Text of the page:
The slit-like eyes of goats give them a wider field of view.
The slit-like eyes of goats give them a wider field of view. Photo credit: Jo Naylor/Flickr (CC BY 2.0)

Goats are really cool animals.  They basically eat everything, even poison ivy, and sometimes sound like humans when they speak.  Another interesting feature is their eyes — the plucky mammals have rectangular pupils, allowing for a 320 – 340 degree field of vision (compared to humans’ 160 – 210 degrees), and better peripheral vision.  Their large pupils also give them fantastic night vision.


Ogre-Faced Spiders

The ogre-faced spider has six eyes.
Every night, the ogre-faced spider regrows a thin membrane over its eyes. Photo credit: Frank Vassen/Flickr (CC BY 2.0)

The ogre-faced spider has six eyes, however it looks like they only have two because the middle pair are much larger.  They are nocturnal spiders with amazing night vision, 100 times better than humans, not only because of their large eyes, but also because of a light-sensitive layer of cells covering them.  This membrane is so sensitive that it is destroyed at dawn and a new one is produced every night.


Mantis Shrimp

Mantis shrimp have the most complex eyes of any animal.
Photo credit: prilfish/Flickr (CC BY 2.0)

Mantis shrimp eyes are compound like a dragonfly, but they only have 10,000 ommatidia per eye.  Still, mantis shrimp have the most complex eyes of any animal known on Earth — they have 12 color receptors (compared to humans only having three), as well as ultraviolet, infrared and polarized light vision.  Each of the shrimp’s eyes are divided into three sections, allowing them to have trinocular vision and complete depth perception.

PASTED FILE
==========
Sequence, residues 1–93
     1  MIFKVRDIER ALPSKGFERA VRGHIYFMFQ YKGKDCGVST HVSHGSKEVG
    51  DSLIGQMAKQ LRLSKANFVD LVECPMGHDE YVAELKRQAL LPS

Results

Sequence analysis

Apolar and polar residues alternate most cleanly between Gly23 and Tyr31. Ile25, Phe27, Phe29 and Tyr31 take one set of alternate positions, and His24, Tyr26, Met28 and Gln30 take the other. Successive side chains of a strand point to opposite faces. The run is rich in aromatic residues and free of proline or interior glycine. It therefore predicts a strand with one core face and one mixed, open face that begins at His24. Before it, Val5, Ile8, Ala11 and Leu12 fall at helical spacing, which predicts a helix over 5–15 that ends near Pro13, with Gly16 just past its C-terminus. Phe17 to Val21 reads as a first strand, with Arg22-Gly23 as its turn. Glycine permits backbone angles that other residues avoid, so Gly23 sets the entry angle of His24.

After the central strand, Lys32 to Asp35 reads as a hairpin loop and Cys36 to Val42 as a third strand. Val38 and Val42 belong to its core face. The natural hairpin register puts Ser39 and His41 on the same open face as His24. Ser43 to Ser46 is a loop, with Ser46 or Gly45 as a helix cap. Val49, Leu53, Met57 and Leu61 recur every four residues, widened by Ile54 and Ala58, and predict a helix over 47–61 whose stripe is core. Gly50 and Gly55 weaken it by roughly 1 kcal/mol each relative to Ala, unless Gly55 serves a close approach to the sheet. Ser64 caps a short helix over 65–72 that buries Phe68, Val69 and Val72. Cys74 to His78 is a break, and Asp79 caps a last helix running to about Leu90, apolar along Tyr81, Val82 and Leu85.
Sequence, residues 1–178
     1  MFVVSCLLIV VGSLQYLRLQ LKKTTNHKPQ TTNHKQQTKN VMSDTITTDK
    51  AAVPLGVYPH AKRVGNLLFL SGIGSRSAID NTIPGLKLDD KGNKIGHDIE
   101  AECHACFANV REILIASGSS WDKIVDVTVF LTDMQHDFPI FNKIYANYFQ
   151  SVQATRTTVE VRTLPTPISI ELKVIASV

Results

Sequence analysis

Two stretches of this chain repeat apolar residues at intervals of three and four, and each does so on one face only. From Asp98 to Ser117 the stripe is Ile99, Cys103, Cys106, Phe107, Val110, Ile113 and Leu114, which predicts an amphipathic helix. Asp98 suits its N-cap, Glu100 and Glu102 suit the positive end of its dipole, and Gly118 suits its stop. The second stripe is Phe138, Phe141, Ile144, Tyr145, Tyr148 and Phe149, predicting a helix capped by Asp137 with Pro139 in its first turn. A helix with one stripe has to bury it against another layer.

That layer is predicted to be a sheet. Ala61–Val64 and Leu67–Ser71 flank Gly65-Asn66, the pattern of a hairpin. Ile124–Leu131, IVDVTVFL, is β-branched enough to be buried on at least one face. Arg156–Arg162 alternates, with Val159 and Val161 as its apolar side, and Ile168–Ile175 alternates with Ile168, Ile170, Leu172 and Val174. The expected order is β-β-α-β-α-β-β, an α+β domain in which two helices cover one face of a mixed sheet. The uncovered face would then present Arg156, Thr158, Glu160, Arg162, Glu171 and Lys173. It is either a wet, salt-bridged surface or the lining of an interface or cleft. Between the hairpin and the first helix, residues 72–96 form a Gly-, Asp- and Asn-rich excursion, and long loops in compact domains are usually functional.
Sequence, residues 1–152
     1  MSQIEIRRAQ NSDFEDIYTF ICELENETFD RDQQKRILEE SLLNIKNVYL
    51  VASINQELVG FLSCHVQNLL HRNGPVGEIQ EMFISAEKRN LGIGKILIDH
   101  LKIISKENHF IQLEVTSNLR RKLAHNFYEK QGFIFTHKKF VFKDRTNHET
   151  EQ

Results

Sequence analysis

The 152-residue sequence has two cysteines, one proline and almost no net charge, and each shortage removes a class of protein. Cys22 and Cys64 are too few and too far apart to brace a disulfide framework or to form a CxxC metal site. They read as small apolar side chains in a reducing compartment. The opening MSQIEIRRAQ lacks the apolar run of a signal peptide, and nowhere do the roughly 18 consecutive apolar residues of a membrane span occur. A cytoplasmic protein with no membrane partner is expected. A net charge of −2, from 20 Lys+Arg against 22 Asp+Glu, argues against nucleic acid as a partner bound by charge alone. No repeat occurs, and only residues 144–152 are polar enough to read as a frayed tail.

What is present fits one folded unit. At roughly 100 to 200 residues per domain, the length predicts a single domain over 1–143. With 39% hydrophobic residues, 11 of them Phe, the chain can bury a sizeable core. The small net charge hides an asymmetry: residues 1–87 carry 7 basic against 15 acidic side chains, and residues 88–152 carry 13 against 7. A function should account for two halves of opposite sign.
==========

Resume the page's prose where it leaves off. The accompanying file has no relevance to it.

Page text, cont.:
An ink drawing of a spookfish
The spookiest eyes of the animal kingdom. Photo credit: Gdr/Wikipedia

Spookfish are actually quite spooky, with four eyes and ghost-like bodies.  Most animals on Earth have eyes that use lenses to focus light and to see, however, spookfish have eyes that use curved, composite mirrors composed of guanine crystals to capture light. This eye focuses light so well that the spookfish can see up and down at the same time.


Sea Star

A lime green-colored starfish attached to coral
Photo credit: Saspotato/Flickr (CC BY-NC-SA 2.0)

Most people do not know that sea stars or starfish have eyes when in fact, they have five — one on the end of each arm.  Although it is a fairly simple eye, called an ocelli, only capable of sensing lightness and darkness, having eyes for hands is pretty fantastic.



A tarsier clinging to a tree limb. Tarsiers are tiny primates with large eyes and upright ears.
Tarsiers always look surprised! Photo Credit: Roberto Verzo/Flickr (CC BY 2.0)

Although the colossal squid has the largest eyes of any animal on Earth, Tarsiers have the largest eyes relative to body size.  They have been called the owls of the mammal world because they are not able to move their eyes around.  However, to make up for that disadvantage, they are able to turn their heads 180 degrees in either direction.